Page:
Cedar Heights Community Association

2698 Blind Bay Rd. (next to Blind Bay Resort)

Columbia Shuswap Regional District Find your next comfy sofa or chair in our

COMMENTS WELCOME

NEW FEES Item Clean Soil Land Clearing Waste Mattresses Wood Waste - Chipped Wood Waste - Clean Wood Waste - Treated

Price at Scaled Site $10/tonne $35/tonne $15/item $15/tonne $35/tonne $35/tonne

Price at Unscaled Site Not accepted $5/m3 $15/item $5/m3 $5/m3 $5/m3

Further details at www.csrd.bc.ca or call 250-833-5950 781 Marine Park Dr. NE • PO Box 978 • Salmon Arm • V1E 4P1 250-832-8194 Toll Free 1-888-248-2773

WHEN IT COMES TO: • Newspaper advertising

Laura Lavigne Advertising Sales

250.832.2131 laura@saobserver.net

• Internet ads/ (30-60 sec) commercials • Special Features ~Tourism ~How to Guide • Out of Town Bookings • Advertising Budgets

DON’T HESITATE TO CALL! I would be happy to help with any of your advertising questions.

Thank You! Shuswap would like to thank everyone who supported the Canadian Breast Cancer Yard Sale for a Cure held on May 24th. With your support we were able to raise over $1,600 for the Canadian Breast Cancer Association. Thank you to SASCU Downtown Activity Centre for allowing us to borrow tables.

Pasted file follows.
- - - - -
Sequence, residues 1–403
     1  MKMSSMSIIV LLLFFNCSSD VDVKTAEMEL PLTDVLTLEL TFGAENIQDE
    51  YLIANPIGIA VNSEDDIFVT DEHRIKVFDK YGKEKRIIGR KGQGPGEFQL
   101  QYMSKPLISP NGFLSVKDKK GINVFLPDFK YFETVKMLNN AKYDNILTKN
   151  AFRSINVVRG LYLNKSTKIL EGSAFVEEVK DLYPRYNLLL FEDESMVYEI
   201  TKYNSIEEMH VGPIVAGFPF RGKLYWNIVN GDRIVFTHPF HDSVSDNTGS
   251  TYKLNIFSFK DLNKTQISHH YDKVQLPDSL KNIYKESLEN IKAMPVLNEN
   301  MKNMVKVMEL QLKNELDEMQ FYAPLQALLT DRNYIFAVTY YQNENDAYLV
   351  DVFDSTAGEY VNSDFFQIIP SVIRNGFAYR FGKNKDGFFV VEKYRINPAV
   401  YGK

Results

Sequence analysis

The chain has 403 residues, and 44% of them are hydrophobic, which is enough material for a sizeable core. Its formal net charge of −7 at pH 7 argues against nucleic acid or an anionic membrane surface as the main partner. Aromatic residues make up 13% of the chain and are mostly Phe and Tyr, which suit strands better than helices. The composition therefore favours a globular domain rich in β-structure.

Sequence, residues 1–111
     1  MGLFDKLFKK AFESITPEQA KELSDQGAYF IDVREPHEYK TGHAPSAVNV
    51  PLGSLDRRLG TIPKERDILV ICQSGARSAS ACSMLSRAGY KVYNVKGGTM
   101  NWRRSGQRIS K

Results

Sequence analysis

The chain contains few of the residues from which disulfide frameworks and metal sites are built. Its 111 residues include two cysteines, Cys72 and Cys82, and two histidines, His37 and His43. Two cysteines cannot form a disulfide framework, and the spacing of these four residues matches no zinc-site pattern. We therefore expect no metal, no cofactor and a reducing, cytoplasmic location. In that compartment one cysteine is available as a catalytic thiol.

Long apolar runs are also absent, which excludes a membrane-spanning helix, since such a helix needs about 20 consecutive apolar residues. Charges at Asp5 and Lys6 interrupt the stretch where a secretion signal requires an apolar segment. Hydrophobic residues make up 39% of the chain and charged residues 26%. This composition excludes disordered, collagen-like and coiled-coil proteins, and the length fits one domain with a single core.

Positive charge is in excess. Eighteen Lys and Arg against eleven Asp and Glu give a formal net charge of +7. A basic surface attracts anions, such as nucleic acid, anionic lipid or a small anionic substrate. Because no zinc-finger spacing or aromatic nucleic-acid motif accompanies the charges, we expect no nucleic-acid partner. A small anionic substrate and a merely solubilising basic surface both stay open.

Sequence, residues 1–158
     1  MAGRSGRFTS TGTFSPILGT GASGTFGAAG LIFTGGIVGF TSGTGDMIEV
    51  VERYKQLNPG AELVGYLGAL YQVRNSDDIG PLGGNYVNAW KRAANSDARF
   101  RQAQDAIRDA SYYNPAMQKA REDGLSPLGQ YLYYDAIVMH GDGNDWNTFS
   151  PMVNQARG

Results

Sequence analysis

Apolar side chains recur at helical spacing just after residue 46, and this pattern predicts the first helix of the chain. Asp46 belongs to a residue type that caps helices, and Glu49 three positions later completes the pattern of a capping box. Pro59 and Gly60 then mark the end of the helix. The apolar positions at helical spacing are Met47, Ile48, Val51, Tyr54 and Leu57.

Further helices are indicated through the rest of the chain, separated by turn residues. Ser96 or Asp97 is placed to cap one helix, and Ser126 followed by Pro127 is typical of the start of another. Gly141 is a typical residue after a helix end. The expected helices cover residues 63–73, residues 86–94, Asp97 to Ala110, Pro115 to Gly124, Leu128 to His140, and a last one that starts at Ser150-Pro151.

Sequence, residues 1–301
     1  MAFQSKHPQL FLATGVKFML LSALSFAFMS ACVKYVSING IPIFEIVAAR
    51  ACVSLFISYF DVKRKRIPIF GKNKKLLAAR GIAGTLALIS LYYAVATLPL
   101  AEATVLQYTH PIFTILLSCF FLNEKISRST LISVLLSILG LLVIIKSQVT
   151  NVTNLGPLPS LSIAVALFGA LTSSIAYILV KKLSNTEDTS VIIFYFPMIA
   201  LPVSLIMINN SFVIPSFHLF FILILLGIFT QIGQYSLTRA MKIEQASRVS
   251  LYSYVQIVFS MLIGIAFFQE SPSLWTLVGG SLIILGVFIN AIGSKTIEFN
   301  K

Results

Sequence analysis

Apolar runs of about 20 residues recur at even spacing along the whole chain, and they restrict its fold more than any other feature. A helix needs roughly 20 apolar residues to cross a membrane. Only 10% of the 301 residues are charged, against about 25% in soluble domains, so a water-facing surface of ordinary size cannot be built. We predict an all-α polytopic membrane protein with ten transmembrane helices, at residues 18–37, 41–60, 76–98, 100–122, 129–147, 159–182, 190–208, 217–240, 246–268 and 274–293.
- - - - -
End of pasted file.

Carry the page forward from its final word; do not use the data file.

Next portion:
Also, a big thank you to the sponsors of this event:

• Big Steel Box • Salmon Arm Observer • Friends Abreast dragonboat team • Ben’s Towing


Shuswap Market News Friday, May 30, 2014 

www.saobserver.net A9

FROM FARM TO TABLE

ADVERTISE YOUR LOCAL

FOOD PRODUCTS

• Published Four Times

PHOTO CONTRIBUTED

Fast tracking

n From left, Thomas Schroeder, Bryce Roberge, Alex Muir, Ethan Senger, Austin Crocker, Cameron Roberge, and Cory Lebeau were honoured in a recognition assembly after their Grade 8 track and field team won the North Zone Championships held in Kamloops on May 8. The girls team was second in the North Zones behind Revelstoke Secondary.

Dates to remember Notch Hill Town Hall Association hosts a fundraising concert featuring the Celtic music of the popular Cod Gone Wild at Notch Hill Hall, at 7:30 p.m. Friday, May 30. Tickets are $20 in advance only at Conkers Fine British Imports, 1298 TransCanada Hwy., Sorrento. Call 250-675-3786. The South Shuswap Children’s Theatre Foundation presents Alice in Wonderland June 1 at the Shuswap Lake Estates community hall stage in Blind

Bay. Doors open at 6 p.m. for a 6:30 performance. A Bucket List Shuswap Style online auction will begin on June 1 at 9 a.m. The auction will showcase outdoor living experiences in the Shuswap. Visit southshuswapchamber. com and check out all of the items that will be available for auction. Bidding begins at 9 a.m. June 1. The online auction will continue until June 29 at 3 p.m., the last day of the South Shuswap Outdoor Liv-

ing Show. This is a fundraising project for the South Shuswap Chamber of Commerce. Carlin Hall hosts a special coffeehouse at 7:30 p.m. Saturday, June 7, a fundraiser for the Second Harvest Food Bank. Food items or money will be welcome. Notch Hill Hall hosts the second annual dog show on Sunday, June 29 from 10 a.m. to 5 p.m. with several competition categories. Enter one for $5 or all seven for $30. Register